Genealogy, Heraldry, History and Research on the
Haviland & de Havilland Family Surname
and Descendants of
Thomas, Sieur de Haveilland, Jurat of Guernsey (1470)
Haviland, Havilant, Abilant, Havlin, Haveline, Heavilon, Heavilin, Heavirland, Havellande, Haveland, Havylande, Haverland, de Havilland, de Haveilland, De Havilant...
NEUSTRIA * GUERNSEY * ENGLAND * AUSTRALIA * AMERICA * CANADA
We are both a surname study, which may include family trees of Havilands not known to be related, and a lineage study, focusing on all known descendants of Thomas De Haveilland of Guernsey of the 15th century, the earliest known ancestor to whom genealogists have been able to trace.
There are several myths regarding the origins of the name Haviland. One is that the name was originally de Havery, and became Haverland as a result of placing the family's origins in the "land of Havery." That is: the family of Havery-land, or, de Haverland.
The early Havilands of England were of French birth, the original name being de Havery. The earliest records state that three brothers of that name emigrated from France to England. While crossing the Channel it was agreed that the first to see land should say, "Have I Land" and that became their English surname." (1)
Unfortunately, the author did not cite the source of these "earliest records," and the above statement is probably fiction. While it is possible that the name Haverland migrated down from Germany with the Franks who settled the area (the Haverland name can still be found in Germany, as with Haverland Pumpernickel bread that has been sold there for many generations), there is no evidence that the Haverland families and the de Havilland familes are the same. On the contrary: Y-DNA research has proven so far that Germanic Haverlands and Guernsey de Havillands are not related in any way that establish an etymological connection between the two names.
Therefore, it is no longer appropriate to say that the Guernsey "de Havilland" family was originally called Haverland in Neustria, as popularized by the author of the Chronicle de Havilland in the 1890's. It is more correct to say that the Guernsey "de Havilland" family was originally called Abilant in Neustria, and if the Haverlands from Germany arrived there at some point in history, it was a separate family. The fief (with its castle) was not Haverland, it was Abilant. Using the spelling "Haverland" is an antiquated substitution.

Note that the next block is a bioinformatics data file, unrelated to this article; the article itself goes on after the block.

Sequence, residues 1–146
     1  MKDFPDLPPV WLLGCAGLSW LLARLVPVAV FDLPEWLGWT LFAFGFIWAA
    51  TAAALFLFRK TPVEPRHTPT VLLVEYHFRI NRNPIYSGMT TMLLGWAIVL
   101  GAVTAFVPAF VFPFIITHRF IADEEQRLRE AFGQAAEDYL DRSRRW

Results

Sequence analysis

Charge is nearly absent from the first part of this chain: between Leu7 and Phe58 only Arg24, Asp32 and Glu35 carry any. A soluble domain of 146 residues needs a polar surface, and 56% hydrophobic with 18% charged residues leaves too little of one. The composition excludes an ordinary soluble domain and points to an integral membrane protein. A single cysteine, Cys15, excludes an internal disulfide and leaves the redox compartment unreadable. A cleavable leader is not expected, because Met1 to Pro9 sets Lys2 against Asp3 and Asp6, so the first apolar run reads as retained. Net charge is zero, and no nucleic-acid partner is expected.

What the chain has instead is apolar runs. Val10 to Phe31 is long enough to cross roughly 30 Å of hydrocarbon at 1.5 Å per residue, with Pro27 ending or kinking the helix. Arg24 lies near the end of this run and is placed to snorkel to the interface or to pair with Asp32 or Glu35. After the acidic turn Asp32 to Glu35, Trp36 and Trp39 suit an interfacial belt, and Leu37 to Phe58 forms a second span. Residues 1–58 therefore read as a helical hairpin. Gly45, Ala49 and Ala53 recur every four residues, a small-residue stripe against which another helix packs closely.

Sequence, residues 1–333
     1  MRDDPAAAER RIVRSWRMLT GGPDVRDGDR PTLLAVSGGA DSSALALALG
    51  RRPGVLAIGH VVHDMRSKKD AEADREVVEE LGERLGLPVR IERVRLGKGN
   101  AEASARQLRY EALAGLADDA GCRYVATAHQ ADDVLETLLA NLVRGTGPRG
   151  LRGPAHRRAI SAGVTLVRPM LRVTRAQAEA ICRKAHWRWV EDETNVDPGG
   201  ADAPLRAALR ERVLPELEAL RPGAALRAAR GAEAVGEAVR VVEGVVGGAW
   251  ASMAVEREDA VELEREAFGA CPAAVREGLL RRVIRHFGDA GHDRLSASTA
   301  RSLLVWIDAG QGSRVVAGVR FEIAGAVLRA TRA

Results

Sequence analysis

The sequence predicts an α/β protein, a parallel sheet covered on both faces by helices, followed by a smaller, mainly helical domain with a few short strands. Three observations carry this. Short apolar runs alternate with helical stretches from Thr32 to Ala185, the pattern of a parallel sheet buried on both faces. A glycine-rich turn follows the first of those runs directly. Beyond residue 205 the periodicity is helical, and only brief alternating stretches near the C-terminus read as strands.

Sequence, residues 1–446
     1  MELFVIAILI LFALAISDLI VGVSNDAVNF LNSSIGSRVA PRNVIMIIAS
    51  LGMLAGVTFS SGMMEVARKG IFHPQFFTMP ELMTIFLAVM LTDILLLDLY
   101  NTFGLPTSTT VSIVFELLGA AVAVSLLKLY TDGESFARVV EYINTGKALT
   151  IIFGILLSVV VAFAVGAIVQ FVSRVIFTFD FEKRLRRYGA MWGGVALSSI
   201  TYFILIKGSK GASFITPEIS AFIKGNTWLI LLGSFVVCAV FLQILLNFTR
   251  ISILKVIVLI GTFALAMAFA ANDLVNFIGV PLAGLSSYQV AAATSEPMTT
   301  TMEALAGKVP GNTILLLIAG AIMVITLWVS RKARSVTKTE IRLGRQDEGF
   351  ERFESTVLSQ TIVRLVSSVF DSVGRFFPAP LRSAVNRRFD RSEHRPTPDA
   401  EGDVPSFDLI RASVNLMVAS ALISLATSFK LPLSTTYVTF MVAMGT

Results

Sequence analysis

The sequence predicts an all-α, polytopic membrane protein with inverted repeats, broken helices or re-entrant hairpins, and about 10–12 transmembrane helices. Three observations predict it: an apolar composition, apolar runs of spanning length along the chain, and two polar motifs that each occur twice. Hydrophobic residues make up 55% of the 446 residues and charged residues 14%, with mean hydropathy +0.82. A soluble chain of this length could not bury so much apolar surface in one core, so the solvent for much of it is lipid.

What makes genealogy more confusing is that ancient surnames did not have specific spellings. In the middle ages names were written down phonetically, and so ancient records combine related and unrelated families with variations of Abilant, Abillant, Avilant, Avillant, Havilant, Havillant, Haverlain, Haverland, Havelin, Haverlant, Havelan, Haberland, Haveilland, Havilland, and so forth.
The name Havilland (with a double-L) is genealogically older and slowly emerged as the "correct" spelling with the onset of printing presses and other means of publishing. The spellings Haveland and especially Haviland (both with a single L) are more recent, originating in certain Guernsey descendants in England. The loss of the second L probably has no cause but phonetic, but some branches stopped using "de" as a Nobiliary particle. (Therefore, "de Havilland" became "Haviland.") In the case of the de Havilland family, the particle was a remnant of their origins with the Franks, where it served as a nom de terre ("name of land") for a nobleman. Those in England who wished to publically disassociate themselves with the French might have dropped "de" from their name purposely. Or it might have been for other political or migratory reasons, such as settling in the New World.
Both "Haviland" and "de Haviland" are considered to be parallel modern spellings of a surname that belongs to the same family in most cases.